SpaceX
Webster's Defines "Explosion" As...

SpaceX Won’t Admit That Its Crew Capsule Exploded

There was almost certainly an explosion during a SpaceX test this weekend. Why does the company refuse to use that word?

Explosive Situation

Sometimes, when you fill a small metal capsule with rocket fuel, it will explode.

That’s what appears to have happened this past weekend when SpaceX attempted a static test of its Dragon 2 capsule. “Crew Dragon capsule explodes,” wrote Scientific American. Business Insider called it a “large explosion.” Quartz said that it “blew up.” There’s even a grainy video of the test that seems to show a fireball.

But SpaceX? The company called it an “anomaly.”

Glossy Language

You’d never know what happened if you only read SpaceX’s prepared statement, which downplayed the apparent explosion as much as possible.

“Earlier today, SpaceX conducted a series of engine tests on a Crew Dragon test vehicle on our test stand at Landing Zone 1 in Cape Canaveral, Florida. The initial tests completed successfully but the final test resulted in an anomaly on the test stand. Ensuring that our systems meet rigorous safety standards and detecting anomalies like this prior to flight are the main reason why we test. Our teams are investigating and working closely with our NASA partners.”

SpaceX isn’t the only space agency to use “anomaly” to describe a spacecraft glitch. There are several instances where NASA has used the word to characterize launch problems or spacecraft communication issues. But we haven’t found an instance where NASA said “anomaly” when it meant “explosion” — in that regard, SpaceX stands alone. When something blows up, NASA says so.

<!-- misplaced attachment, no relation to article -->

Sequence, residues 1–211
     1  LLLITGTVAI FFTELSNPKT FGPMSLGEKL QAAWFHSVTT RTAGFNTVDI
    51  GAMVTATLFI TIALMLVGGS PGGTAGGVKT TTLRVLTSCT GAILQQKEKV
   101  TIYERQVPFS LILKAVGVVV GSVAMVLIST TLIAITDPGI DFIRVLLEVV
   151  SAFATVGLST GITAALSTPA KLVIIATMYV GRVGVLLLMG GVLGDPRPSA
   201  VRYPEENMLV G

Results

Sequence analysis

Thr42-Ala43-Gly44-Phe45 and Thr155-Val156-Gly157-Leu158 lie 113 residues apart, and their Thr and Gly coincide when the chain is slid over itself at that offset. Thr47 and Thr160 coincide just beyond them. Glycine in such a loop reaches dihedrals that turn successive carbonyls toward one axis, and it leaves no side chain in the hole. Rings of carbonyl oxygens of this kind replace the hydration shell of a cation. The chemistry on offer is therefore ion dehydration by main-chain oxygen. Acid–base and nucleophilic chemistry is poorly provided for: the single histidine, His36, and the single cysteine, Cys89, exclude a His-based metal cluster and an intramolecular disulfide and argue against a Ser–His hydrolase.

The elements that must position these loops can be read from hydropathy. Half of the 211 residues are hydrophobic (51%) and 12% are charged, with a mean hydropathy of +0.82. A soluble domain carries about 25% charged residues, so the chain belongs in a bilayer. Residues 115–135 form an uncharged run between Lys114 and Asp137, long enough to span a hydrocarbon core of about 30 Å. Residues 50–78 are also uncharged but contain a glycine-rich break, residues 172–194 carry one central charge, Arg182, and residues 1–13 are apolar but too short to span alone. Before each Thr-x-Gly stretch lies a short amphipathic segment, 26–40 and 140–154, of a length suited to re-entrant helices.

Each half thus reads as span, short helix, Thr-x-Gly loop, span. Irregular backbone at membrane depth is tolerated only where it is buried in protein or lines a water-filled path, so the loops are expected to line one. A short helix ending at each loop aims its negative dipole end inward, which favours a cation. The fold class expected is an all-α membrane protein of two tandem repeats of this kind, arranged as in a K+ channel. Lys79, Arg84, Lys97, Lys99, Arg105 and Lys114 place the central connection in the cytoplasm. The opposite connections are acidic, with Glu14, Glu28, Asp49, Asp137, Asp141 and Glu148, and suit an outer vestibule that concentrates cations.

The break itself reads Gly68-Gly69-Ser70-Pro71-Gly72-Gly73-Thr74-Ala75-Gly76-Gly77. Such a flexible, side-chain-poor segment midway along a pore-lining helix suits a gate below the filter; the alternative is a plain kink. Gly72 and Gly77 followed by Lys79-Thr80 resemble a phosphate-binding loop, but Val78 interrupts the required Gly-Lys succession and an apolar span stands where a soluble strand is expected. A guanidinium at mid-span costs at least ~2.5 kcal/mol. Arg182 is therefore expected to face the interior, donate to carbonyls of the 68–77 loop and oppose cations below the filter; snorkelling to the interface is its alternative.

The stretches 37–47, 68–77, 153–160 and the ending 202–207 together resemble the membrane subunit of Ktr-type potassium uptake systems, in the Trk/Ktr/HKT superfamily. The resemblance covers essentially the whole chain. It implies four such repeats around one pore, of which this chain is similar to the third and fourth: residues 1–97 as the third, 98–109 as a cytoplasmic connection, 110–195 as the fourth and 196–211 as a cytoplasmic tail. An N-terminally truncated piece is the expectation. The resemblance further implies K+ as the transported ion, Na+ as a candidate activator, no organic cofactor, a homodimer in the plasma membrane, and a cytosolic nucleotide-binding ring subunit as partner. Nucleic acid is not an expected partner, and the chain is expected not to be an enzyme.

Perhaps the problem that led to an explosion was an “anomaly”; it would be confusing if it was expected. But the explosion itself? Calling it anything but is a disservice.

Keep It Vague

Hey, we get it. Spacecraft explosions conjure images of tragedy: death, wasted money, canceled research.

It makes sense for a leader in space technology to avoid that connotation. But if SpaceX insists on calling an explosion — one that was seemingly documented on video — an “anomaly,” then who’s to say when the company will clear the air, on this test or any future endeavor?

READ MORE: Smoke seen for miles as SpaceX Crew Dragon suffers ‘anomaly’ at Cape Canaveral during engine test fire [Florida Today]

More on the explosion: Update: Vid Appears to Show SpaceX Capsule Exploding During Test

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